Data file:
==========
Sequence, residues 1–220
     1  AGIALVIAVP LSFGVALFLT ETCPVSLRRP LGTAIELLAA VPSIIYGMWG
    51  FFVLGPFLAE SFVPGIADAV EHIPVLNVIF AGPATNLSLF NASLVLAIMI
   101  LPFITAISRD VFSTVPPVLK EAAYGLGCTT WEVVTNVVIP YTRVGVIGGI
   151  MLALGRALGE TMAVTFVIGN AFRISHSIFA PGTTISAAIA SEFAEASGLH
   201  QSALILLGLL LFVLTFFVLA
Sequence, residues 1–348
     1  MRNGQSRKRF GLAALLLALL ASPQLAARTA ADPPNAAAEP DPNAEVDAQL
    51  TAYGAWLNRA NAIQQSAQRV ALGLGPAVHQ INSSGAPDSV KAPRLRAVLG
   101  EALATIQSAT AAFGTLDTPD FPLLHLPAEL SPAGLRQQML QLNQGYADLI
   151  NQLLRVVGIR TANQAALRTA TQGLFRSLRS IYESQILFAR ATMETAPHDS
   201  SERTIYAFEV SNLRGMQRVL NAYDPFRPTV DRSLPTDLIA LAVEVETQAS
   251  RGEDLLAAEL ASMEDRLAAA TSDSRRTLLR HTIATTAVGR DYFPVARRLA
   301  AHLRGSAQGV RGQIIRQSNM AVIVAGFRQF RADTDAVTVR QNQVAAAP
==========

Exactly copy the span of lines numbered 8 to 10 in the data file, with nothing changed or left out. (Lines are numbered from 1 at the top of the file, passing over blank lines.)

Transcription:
     1  MRNGQSRKRF GLAALLLALL ASPQLAARTA ADPPNAAAEP DPNAEVDAQL
    51  TAYGAWLNRA NAIQQSAQRV ALGLGPAVHQ INSSGAPDSV KAPRLRAVLG
   101  EALATIQSAT AAFGTLDTPD FPLLHLPAEL SPAGLRQQML QLNQGYADLI